Sodium-induced rise in blood pressure is suppressed by androgen receptor blockade

Ann Caplea, Darcie Seachrist, Gail Dunphy, Daniel Ely


Our objective was to test the hypothesis that1) a high Na (HNa, 3%) diet would increase blood pressure (BP) in male Wistar-Kyoto (WKY) and spontaneously hypertensive Y chromosome (SHR/y) rat strains in a territorial colony; 2) sympathetic nervous system (SNS) blockade using clonidine would lower BP on a HNa diet; and 3) prepubertal androgen receptor blockade with flutamide would lower BP on a HNa diet. A 2 × 4 factorial design used rat strains (WKY, SHR/y) and treatment [0.3% normal Na (NNa), 3% HNa, HNa/clonidine, and HNa/flutamide]. BP increased in both strains on the HNa diet (P < 0.0001). There was no significant decrease in BP in either strain with clonidine treatment. Androgen receptor blockade with flutamide significantly decreased BP in both strains (P < 0.0001) and normalized BP in the SHR/y colony. Neither heart rate nor activity could explain these BP differences. In conclusion, a Na sensitivity was observed in both strains, which was reduced to normotensive values by androgen blockade but not by SNS blockade.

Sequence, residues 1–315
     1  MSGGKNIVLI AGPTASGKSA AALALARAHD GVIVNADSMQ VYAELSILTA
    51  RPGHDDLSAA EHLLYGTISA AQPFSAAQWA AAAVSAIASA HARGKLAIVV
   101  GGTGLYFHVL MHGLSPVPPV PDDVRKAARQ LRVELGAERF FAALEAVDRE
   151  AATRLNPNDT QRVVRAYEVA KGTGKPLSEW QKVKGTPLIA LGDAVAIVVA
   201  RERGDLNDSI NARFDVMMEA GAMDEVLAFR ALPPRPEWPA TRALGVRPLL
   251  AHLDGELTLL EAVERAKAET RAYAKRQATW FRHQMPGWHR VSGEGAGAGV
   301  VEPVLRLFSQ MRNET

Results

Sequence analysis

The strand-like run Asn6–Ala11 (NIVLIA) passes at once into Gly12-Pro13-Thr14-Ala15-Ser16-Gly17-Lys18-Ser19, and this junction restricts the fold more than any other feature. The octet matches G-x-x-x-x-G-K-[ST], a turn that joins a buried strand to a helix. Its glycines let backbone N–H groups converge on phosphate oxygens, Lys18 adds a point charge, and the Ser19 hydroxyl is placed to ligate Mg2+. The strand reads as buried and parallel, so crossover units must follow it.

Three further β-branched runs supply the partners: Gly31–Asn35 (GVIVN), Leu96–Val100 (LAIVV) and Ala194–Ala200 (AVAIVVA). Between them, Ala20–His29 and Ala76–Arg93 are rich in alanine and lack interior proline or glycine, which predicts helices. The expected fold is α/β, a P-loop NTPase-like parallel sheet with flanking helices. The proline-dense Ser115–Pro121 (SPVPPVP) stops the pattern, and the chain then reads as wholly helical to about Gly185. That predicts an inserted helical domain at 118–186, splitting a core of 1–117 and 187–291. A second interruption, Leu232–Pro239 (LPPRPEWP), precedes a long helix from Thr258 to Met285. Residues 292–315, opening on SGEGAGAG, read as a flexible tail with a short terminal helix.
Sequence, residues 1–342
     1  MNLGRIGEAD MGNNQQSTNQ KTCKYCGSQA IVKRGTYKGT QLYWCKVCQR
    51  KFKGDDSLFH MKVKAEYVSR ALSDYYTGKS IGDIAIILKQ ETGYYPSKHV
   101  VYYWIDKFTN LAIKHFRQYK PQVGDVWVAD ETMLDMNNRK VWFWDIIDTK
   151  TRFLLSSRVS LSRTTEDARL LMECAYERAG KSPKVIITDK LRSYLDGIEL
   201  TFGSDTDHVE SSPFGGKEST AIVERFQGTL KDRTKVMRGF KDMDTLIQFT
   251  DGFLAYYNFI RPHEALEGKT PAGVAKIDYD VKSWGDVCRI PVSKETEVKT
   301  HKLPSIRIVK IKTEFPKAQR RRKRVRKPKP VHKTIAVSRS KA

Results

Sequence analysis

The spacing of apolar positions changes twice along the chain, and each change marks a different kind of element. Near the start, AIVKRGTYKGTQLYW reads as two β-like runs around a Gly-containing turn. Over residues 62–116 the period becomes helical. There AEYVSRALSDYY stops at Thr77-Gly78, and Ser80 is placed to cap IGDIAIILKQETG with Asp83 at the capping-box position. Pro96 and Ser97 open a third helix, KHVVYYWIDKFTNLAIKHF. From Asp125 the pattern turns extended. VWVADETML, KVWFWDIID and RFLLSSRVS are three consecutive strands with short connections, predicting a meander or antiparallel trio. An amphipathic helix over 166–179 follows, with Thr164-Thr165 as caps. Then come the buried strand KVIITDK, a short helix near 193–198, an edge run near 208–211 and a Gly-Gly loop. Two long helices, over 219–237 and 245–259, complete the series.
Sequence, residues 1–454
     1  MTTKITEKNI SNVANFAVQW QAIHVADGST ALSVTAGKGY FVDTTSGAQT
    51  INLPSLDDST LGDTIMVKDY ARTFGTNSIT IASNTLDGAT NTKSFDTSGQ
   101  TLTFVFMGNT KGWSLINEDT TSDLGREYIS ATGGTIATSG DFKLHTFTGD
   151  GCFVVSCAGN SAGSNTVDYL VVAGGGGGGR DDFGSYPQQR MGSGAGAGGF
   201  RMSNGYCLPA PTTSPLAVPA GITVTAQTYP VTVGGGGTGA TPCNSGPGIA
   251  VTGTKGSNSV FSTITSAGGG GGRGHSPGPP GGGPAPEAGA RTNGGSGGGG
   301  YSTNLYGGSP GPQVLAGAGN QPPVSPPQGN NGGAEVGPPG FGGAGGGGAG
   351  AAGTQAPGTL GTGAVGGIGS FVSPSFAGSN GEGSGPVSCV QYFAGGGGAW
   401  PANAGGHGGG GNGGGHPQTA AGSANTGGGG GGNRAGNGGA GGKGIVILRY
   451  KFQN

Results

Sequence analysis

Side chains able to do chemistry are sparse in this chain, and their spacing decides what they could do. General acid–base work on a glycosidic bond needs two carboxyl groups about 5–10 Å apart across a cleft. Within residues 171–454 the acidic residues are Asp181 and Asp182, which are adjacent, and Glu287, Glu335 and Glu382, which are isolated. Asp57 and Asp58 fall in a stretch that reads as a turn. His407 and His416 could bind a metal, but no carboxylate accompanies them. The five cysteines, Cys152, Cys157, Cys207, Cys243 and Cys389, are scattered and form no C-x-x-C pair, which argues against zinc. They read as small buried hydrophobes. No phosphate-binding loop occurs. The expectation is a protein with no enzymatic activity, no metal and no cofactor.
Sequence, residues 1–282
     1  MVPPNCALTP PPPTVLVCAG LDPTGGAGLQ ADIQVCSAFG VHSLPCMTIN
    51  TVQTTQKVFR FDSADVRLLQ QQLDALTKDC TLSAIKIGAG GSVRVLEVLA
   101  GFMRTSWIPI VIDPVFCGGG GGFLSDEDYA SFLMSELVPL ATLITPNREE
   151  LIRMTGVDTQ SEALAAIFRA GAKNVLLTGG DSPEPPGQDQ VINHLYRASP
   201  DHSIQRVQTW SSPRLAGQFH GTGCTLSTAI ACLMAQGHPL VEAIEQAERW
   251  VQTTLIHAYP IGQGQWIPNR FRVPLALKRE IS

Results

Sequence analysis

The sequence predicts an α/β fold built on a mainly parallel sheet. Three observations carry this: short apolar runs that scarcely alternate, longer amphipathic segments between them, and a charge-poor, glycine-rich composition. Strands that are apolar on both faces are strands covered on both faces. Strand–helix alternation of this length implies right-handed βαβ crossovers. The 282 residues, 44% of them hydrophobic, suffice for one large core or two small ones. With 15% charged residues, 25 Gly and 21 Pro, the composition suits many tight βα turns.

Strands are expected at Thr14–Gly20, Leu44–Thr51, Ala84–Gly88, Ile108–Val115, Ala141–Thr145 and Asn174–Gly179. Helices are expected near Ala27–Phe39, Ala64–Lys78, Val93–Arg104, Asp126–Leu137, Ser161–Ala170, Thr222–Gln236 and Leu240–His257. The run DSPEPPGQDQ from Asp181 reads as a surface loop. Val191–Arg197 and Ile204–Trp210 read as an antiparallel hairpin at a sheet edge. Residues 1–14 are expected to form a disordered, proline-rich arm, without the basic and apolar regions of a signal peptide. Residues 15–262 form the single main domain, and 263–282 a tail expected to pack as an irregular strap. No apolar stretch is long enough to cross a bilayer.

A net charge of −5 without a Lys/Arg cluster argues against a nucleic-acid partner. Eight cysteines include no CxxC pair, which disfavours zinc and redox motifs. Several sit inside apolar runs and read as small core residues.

• hypertension
  • testosterone
  • salt
  • territorial stress
  • clonidine
  • sympathetic nervous system
  • flutamide
  • kidney


  • This research was supported by National Heart, Lung, and Blood Institute Grants HL-48072-07, and by the Ohio Board of Regents Grants to the Hypertension Center, University of Akron.

  • Address for reprint requests and other correspondence: A. Caplea, Dept. of Biology, The University of Akron, Akron, OH 44325-3908 (E-mail: Ely1{at}

  • The costs of publication of this article were defrayed in part by the payment of page charges. The article must therefore be hereby marked “advertisement” in accordance with 18 U.S.C. Section 1734 solely to indicate this fact.

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